ARTperspective

The Art Perspective blog is a collection of thoughts, musings, and reflections on art, artists, and current happenings in the art world. 

10 Female Curators & Dealers to Watch in 2016

There is no shortage of influential females making their mark on the art world. Here are ten curators and dealers that are worth watching in 2016.

Kelly Baum, Metropolitan Museum of Art (New York)
Fresh from her role at Princeton University's Art Museum, Baum joined the stellar team at the Met as Curator of postwar and contemporary art. She has been quick to establish herself collaborating with her colleagues and fellow curators to launch 2 highly successful shows in her short tenure. As she approaches her one year anniversary with the Met this June, watch for Baum to continue to be a key player.

Gwen Chanzit, Denver Art Museum (Denver)
As the Curator for modern art Chanzit is well versed in the Abstract Expressionists, but is using her influence to explore things from a female perspective. Her recent work is examining the unsung female artists who were a part of this movement but received far less credit for their work. Opening in June, her exhibition entitled 'Women of Abstract Expressionism' is one not to miss. 

Clara M. Kim, Tate Modern (London)
Kim has been one to watch for quite some time now. Her work curating October's spotlight section of the Frieze fair gave her an increased profile from her role as senior curator for the Walker Art Centre in Minneapolis, that is when she she was offered the senior curator role for international art by the Tate Modern - not a bad career move!

Stephanie Smith, Art Gallery of Ontario (Toronto)
Since joining the AGO in 2014, Smith has been focused on making contemporary art an anchor for the museum. She has increased the museum's profile through international collaborations, while also remaining focused on local art and artists. Smith is one of the few Chief Curators who maintains an active curatorial practice. 

Kathleen S. Bartels, Vancouver Art Gallery (Vancouver)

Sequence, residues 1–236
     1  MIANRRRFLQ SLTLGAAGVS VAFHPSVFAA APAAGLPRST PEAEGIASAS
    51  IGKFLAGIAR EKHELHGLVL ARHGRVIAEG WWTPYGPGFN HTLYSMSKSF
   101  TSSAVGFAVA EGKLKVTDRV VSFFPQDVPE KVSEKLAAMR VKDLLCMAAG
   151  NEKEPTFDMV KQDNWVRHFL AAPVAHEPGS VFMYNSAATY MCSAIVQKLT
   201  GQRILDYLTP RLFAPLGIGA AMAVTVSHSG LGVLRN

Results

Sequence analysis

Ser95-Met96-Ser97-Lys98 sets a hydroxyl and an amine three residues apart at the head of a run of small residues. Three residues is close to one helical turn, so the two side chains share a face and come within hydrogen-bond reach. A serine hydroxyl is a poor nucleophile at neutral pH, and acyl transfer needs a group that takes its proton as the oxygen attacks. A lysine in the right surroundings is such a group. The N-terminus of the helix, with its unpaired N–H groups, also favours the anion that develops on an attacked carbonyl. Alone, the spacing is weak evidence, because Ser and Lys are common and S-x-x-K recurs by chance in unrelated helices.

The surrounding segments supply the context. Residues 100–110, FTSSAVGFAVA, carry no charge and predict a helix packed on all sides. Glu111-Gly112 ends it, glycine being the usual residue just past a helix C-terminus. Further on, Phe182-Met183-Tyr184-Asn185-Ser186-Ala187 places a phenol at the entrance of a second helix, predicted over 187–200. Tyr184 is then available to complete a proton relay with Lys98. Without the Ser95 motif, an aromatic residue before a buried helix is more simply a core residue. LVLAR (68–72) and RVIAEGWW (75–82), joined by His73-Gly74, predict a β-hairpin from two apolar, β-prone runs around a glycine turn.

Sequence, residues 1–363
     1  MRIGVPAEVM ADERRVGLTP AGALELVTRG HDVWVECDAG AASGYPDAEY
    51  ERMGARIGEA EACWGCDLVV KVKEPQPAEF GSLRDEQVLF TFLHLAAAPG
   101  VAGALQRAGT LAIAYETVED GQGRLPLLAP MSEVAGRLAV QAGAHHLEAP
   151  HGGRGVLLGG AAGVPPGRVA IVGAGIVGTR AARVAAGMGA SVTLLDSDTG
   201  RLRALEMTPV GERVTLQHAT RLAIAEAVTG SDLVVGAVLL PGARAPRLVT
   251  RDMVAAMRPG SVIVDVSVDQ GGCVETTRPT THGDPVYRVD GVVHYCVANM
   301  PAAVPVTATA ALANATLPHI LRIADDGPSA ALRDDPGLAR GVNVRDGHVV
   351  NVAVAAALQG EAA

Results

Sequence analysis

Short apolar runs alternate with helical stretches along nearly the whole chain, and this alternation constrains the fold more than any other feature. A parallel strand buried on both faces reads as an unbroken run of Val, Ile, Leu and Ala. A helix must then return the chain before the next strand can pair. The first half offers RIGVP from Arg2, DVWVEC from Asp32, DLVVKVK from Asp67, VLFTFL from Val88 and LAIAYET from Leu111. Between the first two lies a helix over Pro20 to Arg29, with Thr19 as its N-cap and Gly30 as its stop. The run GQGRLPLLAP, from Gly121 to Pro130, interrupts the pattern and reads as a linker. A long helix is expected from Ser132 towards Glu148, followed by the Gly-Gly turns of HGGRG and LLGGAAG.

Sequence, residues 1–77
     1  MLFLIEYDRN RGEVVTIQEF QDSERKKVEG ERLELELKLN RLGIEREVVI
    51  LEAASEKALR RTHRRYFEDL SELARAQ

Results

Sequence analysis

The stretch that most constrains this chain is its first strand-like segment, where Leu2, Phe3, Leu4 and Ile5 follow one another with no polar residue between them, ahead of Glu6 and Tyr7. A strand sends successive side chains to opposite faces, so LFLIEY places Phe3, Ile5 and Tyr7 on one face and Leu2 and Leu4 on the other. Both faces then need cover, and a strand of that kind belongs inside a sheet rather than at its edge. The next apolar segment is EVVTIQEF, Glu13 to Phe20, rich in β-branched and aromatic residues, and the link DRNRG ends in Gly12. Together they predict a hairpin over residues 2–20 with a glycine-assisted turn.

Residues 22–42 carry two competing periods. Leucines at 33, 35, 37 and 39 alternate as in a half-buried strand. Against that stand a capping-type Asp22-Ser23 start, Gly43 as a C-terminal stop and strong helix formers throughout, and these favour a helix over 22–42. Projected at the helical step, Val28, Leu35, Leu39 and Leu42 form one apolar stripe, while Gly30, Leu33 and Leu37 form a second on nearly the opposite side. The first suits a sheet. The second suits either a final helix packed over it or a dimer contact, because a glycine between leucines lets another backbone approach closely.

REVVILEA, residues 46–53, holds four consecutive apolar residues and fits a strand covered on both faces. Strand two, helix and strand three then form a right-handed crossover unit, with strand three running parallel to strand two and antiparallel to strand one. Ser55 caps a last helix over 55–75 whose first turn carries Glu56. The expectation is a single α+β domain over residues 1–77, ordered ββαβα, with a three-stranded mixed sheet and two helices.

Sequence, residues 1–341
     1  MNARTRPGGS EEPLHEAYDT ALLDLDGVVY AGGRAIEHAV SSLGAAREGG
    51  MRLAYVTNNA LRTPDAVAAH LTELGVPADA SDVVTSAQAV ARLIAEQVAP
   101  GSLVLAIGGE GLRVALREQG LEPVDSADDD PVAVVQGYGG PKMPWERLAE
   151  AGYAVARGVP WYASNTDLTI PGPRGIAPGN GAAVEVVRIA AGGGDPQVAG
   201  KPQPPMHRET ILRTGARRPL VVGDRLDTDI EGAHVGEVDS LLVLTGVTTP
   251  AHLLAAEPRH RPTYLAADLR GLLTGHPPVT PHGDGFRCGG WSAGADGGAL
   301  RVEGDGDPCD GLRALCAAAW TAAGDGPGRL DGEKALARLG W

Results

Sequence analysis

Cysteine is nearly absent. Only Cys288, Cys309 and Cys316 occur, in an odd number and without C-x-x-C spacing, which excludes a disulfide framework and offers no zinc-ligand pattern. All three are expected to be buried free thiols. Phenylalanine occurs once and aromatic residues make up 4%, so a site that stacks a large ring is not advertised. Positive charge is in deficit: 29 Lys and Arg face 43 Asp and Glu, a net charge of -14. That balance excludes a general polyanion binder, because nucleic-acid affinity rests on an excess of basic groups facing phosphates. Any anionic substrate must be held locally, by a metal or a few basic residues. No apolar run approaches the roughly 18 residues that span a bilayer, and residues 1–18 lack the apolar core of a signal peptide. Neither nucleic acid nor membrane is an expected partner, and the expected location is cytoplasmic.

Having led the gallery for more than 14 years it may be surprising to see Bartels name on this list, but her ongoing work to continually raise the profile of the gallery speaks for itself. With an annual operating budget of over 17 million, and an endowment fund she grew from $200,000 to nearly 11 million today, it is clear Bartels has a clear mission, and she isn't finished. Her crusade for a new gallery building began in 2008, and will culminate with a new building designed by renowned architects Herzog & de Meuron opening in 2021. After receiving approval from city council in 2013 for their new site location, Bartels unveiled the new design last fall.

Catriona Jeffries, Catriona Jeffries Gallery (Vancouver)
She was the first gallery owner to set up shop in Vancouver's east end of the Flats. The largely industrial area was far from the existing gallery area at the time, but had an abundance of warehouse space, and affordable rent, two things that are a rare commodity in the city. She continues to pioneer new ideas and exhibitions, and is now being joined by numerous other galleries who have jumped ship at their previous locales, to join her in the Flats. Jeffries has always been a leader when it comes to being ahead of the curve, expect this year to be no different.

Angela Bugera Matheson, Bugera Matheson Gallery (Edmonton)
After acquiring the gallery from her mother Agnes in 2012, Angela had a new vision for the business that was started in 1992. First was a new gallery space, aligning nicely with a newly established gallery district in the city, the second was curating a roster of artists to reflect the type of gallery she wanted to run. 4 years later and it is clear that this is no longer her mother's gallery. She continues to search for ways to collaborate and diversify, connecting with new audiences and cultivating new relationships with collectors. Her partnership with Art Perspective only further proves her ability to recognize when to bring in external expertise to benefit the gallery, its artists and collectors.

Sarah Bjorn, The Toronto Gallery of Calgary (Calgary)
Located in historic Bridgeland in Calgary, the gallery building took months to restore, finally opening in October 2014. Bjorn who was born in Calgary, met her partner in the gallery, Liam Neason, while they were graduate students abroad. Bjorn pursued her MFA at Goldsmiths in London, returning in the spring of 2014 to be closer to family. This female driven project between Bjorn and Neason highlights a new wave of younger, forward thinking curators in the Canadian market. 

Sandra Guimarares, Remai Modern (Saskatoon)
After an exhaustive six month international search, the Remai Modern named Guimarares it's Chief Curator. Guimarares has worked internationally with artists and curators and has an impressive list of collaborations and exhibitions to her credit. As the Remai Modern gears up for it's grand opening next year, all eyes will be on Guimarares, and expectations will be high. Judging from her previous track record, she should be ready to take it all in stride.

Rose Bouthillier, Remai Modern (Saskatoon)
With only a few days in her new role as Curator (Exhibitions) for Remai Modern, Bouthillier has a tremendous job ahead of her as the gallery looks to open it's doors next spring. Most recently Bouthillier was the Associate Curator at the Museum of Contemporary Art (MOCA) in Cleveland, a position she held for the last 4 years. Bouthillier's return to Canada is great news for the new gallery, as her work south of border has been incredibly impressive. She will be one to watch, not only this year, but in the years to come as well.